Measured resources are indicated resources that have undergone enough further sampling that a 'competent person' (defined by the norms of the relevant mining code; usually a geologist) has declared them to be an acceptable estimate, at a high degree of confidence, of the grade, tonnage, shape, densities, physical characteristics and mineral content of the mineral occurrence.

Resources may also make up portions of a mineral deposit classified as a mineral reserve, but:

  • Have not been sufficiently drilled out to qualify for Reserve status; or
  • Have yet to meet all criteria for Reserve status[2]

Mineral reserves/Ore Reserves

Mineral reserves are resources known to be economically feasible for extraction. Reserves are either Probable Reserves or Proven Reserves.

A Probable Ore Reserve is the part of Indicated resources that can be mined in an economically viable fashion, and in some circumstances, a Measured Mineral Resource. It includes diluting material and allowances for losses which may occur when the material is mined. A Probable Ore Reserve has a lower level of confidence than a Proved Ore Reserve but is of sufficient quality to serve as the basis for decision on the development of deposit.

A Proven Ore Reserve is the part of Measured resources that can be mined in an economically viable fashion. It includes diluting materials and allowances for losses which occur when the material is mined.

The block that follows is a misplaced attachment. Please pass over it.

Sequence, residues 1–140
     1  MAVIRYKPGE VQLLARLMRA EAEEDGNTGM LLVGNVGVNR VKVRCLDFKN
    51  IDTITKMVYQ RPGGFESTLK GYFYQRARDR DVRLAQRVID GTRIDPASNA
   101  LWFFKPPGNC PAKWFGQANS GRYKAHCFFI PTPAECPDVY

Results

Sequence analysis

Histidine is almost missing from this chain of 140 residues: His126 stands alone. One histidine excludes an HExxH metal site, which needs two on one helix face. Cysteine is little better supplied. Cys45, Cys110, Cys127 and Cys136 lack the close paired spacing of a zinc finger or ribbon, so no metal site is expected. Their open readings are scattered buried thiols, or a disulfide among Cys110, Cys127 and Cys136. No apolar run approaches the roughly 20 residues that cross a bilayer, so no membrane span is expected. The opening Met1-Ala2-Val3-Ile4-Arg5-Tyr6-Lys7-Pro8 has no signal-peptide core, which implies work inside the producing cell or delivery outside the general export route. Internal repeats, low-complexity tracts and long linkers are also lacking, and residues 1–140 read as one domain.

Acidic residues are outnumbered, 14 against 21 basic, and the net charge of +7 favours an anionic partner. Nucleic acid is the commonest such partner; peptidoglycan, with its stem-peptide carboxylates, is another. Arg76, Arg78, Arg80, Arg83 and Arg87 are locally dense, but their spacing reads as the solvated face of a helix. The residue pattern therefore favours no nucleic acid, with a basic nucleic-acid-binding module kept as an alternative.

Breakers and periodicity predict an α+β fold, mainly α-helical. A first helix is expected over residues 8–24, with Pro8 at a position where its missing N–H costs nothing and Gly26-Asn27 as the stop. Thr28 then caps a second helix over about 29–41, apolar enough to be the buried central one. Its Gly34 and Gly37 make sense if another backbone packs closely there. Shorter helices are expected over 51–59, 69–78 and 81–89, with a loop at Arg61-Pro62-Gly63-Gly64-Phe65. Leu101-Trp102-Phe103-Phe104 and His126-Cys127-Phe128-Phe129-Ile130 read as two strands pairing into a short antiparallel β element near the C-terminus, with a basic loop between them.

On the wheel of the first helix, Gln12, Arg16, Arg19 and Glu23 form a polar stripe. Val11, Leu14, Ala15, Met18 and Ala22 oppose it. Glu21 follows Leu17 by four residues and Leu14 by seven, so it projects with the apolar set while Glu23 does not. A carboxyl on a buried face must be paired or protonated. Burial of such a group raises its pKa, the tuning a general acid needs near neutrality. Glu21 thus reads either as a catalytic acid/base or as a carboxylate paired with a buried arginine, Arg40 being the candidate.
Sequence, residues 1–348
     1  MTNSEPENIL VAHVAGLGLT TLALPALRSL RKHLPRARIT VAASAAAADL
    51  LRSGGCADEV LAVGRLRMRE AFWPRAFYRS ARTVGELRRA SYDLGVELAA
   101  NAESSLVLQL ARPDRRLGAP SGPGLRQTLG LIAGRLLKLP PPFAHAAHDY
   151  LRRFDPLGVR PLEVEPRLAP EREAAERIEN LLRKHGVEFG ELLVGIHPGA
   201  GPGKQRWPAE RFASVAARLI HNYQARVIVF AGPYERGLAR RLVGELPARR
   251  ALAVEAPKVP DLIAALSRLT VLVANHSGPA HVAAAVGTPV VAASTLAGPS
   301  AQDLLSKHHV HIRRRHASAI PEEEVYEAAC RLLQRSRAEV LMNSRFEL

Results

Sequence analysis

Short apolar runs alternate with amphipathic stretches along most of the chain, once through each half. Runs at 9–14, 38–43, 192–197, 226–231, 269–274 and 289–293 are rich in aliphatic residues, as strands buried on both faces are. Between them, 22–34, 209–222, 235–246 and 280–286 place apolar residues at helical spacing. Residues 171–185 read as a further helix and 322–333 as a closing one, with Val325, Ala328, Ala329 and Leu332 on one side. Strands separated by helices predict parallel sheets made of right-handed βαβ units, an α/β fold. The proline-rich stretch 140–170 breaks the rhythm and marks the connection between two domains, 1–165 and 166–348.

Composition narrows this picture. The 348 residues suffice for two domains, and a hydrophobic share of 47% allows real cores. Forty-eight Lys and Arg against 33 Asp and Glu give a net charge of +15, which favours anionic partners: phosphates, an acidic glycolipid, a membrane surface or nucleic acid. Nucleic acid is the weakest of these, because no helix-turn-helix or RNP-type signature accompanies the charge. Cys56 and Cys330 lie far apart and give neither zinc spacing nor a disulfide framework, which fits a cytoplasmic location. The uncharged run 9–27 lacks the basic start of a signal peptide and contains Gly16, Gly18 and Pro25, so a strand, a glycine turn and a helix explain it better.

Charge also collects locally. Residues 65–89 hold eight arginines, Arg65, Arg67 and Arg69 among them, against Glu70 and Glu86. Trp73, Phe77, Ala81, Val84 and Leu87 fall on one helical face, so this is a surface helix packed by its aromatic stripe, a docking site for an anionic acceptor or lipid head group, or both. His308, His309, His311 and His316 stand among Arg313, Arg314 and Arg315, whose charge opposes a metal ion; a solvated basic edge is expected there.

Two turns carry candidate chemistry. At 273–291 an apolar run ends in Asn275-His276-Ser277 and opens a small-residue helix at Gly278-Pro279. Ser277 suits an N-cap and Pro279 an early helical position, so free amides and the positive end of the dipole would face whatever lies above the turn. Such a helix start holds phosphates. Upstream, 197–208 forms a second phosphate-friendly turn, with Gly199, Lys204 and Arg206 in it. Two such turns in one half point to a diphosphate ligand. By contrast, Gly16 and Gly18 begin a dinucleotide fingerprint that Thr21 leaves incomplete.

A Proven Ore Reserve represents the highest confidence category of reserve estimate. The style of mineralization or other factors could mean that Proven Ore Reserves are not achievable in some deposits.

Generally the conversion of resources into reserves requires the application of various modifying factors, including:

  • mining and geological factors, such as knowledge of the geology of the deposit sufficient that it is predictable and verifiable; extraction and mine plans based on ore models; quantification of geotechnical risk—basically, managing the geological faults, joints, and ground fractures so the mine does not collapse; and consideration of technical risk—essentially, statistical and variography to ensure the ore is sampled properly: